Availability of partners is a fundamental factor affecting the possibilities and probabilities of intimate behavior between individuals. The disparity in gender ratio with age is well documented. Recent U.S. Census Bureau data report that among unmarried persons between 55 and 64, there are 1.7 women for every man (Fields & Casper, 2001). Over age 64, the figure jumps to 3.1 women per man (Michael, Gagnon, Laumann, & Kolata, 1994). Compounding this demographic imbalance, more women marry or cohabit with older men than with those their own age or younger. The declining male-to-female ratio limits the prospects that postmenopausal women have for finding a sexual partner (Michael et al., 1994). Our data conform to these statistics because, other than pheromone use, partner availability was the only significant independent predictor of experimental outcome in our study. Married or cohabiting participants using the test substance clearly exposed their partners to many more hours of pheromonal effect than would nondating pheromone participants.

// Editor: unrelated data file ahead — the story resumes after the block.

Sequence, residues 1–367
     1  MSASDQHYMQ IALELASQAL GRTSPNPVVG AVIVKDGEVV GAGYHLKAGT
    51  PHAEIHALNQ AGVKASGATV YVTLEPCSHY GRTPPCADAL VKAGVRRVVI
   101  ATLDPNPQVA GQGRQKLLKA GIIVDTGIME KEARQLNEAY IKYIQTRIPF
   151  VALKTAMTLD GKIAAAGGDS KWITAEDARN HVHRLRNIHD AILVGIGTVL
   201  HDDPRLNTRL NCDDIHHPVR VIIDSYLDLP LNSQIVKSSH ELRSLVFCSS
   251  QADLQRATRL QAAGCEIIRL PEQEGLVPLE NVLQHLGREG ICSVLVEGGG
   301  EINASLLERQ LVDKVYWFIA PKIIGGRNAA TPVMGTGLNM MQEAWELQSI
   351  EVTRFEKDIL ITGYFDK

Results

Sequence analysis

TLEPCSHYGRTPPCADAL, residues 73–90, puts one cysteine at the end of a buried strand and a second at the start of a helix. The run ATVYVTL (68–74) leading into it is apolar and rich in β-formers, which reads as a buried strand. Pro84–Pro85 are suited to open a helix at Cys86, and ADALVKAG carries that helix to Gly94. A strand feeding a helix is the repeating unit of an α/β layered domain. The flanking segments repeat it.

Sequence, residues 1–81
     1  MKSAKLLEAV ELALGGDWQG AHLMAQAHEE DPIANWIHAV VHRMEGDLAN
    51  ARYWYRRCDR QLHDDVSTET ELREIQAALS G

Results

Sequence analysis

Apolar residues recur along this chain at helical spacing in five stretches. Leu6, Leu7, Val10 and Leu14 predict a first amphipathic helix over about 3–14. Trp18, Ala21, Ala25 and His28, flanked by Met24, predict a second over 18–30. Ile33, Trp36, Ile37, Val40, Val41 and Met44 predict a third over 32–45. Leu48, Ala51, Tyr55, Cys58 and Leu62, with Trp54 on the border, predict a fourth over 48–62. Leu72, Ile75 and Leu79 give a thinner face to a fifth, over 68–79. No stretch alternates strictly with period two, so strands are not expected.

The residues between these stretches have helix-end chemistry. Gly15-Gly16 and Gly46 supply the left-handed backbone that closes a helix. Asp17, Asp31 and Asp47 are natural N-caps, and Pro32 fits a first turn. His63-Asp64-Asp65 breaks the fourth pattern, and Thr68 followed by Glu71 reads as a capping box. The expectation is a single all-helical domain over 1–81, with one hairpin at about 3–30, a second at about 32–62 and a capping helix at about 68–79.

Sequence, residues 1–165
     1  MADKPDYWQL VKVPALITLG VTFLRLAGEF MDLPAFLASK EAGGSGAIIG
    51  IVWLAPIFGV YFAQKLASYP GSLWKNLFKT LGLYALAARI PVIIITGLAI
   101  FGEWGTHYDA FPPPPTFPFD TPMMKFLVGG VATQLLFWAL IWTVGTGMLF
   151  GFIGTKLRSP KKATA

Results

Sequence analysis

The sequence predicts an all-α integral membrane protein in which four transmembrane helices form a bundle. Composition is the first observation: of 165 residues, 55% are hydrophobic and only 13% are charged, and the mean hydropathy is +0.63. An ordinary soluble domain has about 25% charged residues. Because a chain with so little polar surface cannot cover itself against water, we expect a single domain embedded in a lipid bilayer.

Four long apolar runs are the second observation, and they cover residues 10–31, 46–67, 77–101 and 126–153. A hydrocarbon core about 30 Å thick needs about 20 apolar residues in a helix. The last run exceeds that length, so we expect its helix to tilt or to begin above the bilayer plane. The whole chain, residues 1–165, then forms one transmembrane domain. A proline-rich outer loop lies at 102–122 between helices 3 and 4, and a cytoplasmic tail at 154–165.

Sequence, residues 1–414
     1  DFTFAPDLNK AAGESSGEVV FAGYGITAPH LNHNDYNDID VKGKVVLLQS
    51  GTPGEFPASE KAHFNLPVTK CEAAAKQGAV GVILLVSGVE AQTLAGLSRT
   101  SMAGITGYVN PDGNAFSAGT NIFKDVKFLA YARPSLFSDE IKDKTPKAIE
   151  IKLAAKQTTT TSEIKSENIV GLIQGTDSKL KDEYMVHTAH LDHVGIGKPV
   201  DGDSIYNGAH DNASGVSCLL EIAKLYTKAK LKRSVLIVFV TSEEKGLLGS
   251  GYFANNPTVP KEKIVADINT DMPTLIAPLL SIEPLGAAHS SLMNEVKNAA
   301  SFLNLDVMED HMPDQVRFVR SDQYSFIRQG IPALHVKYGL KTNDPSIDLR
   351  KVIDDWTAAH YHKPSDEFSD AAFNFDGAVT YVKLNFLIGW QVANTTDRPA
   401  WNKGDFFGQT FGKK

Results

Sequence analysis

Our posthoc analysis suggests the effects of pheromone versus placebo differ between women with and without spouses or dates. We found suggestive evidence of a pheromone effect in the subgroups. Of those who were married, sexual intercourse increased over individual baseline for 5 of the 6 pheromone users (83%), which appears higher than the 3 of 5 (60%) placebo users. Similarly, for sleeping next to a romantic partner, married pheromone users appeared more likely to increase over baseline than did married placebo users: 67% vs. 40%. And for petting, kissing, and affection, more married pheromone users increased over baseline: 67% vs. 20% of married placebo users. Although the small sample size precluded statistical confirmation, the consistently higher proportion among subgroups of pheromone users who increased intimate behaviors is noteworthy.